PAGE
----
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PWR 1HO: Rhetorics of Money and Happiness

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Catalog Number: PWR 1HO

Instructor: Agnes Hong

Units: 4

Grade option: Letter (ABCD/NP)

Prerequisite: None

Course Feature: WR-1 requirement


Ask a young child what makes the world go round, and you’re more likely to get ferris wheels than money.  As children, most of us did not spend much time thinking about whether money brought happiness to our lives.  We only knew that playing, laughing, and even getting into trouble were what brought us joy.  Yet, as we grow older and become more exposed to the workings of the world and the expectations of society, many of us begin to accept the idea (whether it’s true or not) that the more money we have, the happier we would be.  

It’s easy to see how we buy into this narrative when influential thinkers like Nobel laureates Daniel Kahneman and Angus Deaton argue that a rise in income correlates with an increased sense of well-being, and social media bombards us with people living their best consumption-driven lives made possible by money.  However, the pursuit of material wealth often requires sacrifices regarding time, health, and relationships, which most of us consider valuable.

As we explore the connection between money and happiness, we’ll read a variety of sources from academic articles to online musings, exploring how culture shapes how we think about money and the ways that different communities offer contrasting definitions of happiness. Through our class discussions and your own research projects, we will add our voices to this conversation, with the goal of bringing a wealth of information from our varied backgrounds and unique perspectives to the debate.

Examples of Research Topics

Drawing on your own interests and experiences, you will develop a research project investigating a specific question about the connections and tensions between money and happiness.  Sample possible research topics might include: an analysis of how acquiring wealth and satisfying basic needs serve as independent determinants of happiness; when spending habits act as sources of discontent in a relationship or partnership; job satisfaction and family happiness; how low-income communities can maintain a high quality of life; or how the fervent use of social media (Instagram, Tiktok) influences the desire for money to gain social capital.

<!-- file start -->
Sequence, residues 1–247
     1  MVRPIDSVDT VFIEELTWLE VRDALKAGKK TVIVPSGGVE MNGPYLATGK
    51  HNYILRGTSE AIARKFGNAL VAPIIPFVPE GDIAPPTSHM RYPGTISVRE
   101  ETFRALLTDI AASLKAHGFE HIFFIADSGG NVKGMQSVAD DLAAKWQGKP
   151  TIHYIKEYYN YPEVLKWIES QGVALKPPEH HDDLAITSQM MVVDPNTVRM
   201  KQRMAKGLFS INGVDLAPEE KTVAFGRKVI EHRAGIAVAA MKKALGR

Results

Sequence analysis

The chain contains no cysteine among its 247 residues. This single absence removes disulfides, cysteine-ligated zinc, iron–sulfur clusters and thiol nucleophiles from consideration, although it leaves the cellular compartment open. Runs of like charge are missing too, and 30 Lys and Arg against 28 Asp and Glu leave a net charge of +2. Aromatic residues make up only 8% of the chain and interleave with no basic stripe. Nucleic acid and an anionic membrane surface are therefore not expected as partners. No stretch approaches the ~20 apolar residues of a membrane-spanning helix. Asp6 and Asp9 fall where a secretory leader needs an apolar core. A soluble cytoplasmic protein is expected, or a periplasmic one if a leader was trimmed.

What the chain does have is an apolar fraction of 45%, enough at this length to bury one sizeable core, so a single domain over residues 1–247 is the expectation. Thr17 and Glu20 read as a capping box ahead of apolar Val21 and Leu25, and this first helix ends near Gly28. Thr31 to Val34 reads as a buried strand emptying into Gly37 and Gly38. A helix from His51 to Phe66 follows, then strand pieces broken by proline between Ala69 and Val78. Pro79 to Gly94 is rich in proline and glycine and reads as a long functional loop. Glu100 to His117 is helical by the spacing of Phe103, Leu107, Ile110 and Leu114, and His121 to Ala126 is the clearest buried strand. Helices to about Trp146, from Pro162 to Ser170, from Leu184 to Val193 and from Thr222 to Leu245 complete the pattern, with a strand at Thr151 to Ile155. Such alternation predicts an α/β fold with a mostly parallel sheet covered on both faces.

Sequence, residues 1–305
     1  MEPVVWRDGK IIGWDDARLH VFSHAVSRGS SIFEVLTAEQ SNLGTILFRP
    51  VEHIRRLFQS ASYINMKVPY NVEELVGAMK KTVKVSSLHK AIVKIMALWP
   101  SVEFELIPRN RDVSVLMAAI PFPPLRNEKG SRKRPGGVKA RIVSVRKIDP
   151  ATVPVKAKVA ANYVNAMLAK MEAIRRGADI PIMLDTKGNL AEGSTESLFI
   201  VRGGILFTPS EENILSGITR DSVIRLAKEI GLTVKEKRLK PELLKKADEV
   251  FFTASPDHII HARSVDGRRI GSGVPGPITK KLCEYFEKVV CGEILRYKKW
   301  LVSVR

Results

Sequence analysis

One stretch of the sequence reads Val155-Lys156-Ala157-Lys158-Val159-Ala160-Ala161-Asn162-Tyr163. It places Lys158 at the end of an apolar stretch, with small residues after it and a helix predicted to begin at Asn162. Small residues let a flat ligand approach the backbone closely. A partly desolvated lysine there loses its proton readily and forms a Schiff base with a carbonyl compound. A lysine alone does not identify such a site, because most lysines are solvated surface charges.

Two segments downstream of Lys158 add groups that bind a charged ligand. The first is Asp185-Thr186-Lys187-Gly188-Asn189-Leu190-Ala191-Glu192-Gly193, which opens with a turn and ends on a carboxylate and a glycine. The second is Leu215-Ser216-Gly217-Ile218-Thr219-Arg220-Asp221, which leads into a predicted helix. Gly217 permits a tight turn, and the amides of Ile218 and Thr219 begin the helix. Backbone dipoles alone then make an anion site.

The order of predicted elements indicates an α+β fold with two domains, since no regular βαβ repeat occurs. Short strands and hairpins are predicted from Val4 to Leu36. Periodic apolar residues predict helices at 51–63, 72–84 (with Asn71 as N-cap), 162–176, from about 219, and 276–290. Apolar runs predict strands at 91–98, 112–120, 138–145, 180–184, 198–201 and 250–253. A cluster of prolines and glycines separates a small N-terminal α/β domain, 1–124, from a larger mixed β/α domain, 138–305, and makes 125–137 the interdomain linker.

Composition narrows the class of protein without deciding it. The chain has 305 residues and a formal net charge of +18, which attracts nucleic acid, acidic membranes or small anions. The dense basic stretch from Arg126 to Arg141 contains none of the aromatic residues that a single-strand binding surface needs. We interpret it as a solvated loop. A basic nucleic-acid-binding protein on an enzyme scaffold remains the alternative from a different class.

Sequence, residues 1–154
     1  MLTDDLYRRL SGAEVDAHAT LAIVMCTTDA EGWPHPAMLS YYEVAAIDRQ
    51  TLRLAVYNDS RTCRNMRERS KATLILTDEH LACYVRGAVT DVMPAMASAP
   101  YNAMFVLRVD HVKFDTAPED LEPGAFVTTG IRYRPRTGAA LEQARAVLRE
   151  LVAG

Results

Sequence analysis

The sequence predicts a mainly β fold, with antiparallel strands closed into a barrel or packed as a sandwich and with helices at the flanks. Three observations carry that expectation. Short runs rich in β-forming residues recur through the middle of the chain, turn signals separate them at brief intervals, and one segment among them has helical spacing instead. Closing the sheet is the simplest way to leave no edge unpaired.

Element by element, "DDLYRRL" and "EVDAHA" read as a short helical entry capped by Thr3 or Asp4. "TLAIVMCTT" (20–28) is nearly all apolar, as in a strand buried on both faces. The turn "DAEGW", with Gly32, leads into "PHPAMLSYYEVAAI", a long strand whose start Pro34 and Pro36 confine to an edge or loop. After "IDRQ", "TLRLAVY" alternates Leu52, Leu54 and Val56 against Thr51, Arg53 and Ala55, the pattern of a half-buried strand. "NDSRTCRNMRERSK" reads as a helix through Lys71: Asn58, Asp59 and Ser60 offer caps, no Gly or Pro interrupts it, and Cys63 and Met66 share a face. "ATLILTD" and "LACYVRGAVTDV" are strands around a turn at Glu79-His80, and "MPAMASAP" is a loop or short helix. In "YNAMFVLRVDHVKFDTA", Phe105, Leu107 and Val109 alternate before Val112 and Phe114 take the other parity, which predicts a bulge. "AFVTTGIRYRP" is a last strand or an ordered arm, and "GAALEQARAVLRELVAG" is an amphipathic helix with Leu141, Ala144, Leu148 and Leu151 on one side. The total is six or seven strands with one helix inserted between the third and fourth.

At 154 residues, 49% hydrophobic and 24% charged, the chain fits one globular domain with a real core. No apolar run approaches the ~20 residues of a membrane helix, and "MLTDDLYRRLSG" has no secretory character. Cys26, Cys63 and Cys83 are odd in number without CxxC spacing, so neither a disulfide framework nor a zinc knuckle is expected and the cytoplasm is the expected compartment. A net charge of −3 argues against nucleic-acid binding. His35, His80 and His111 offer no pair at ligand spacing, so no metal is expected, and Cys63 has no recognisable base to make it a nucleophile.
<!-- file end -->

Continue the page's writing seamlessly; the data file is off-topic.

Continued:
PWR 1 Assignment Sequence                                                                      

Rhetorical Analysis 

(1500-1800 words; 5-6 pages):  This assignment asks you to analyze the rhetorical strategies of a text of your choice that makes an argument about the relationship between money and happiness.  Possible texts may include blogs, podcasts, tweets, academic articles, excerpts from self-discovery books, or threads from discussion forums such as reddit.

Texts in Conversation 

(1800-2400 words; 6-8 pages): This assignment marks the beginning of your research project.  Here, you will research and investigate the larger research question you’d like to explore relating to the topic.  You’ll analyze how different sources, voices, and perspectives inform the larger conversation about your  topic.

Research-Based Argument 

(3600-4500 words; 12-15 pages):  Your Research-Based Argument is the final product of this course where your voice enters into the conversation.  Here is where you’ll build on and expand the work you began with the Texts in Conversation assignment by integrating a variety of sources to produce your own complex, provocative argument as it relates to your topic.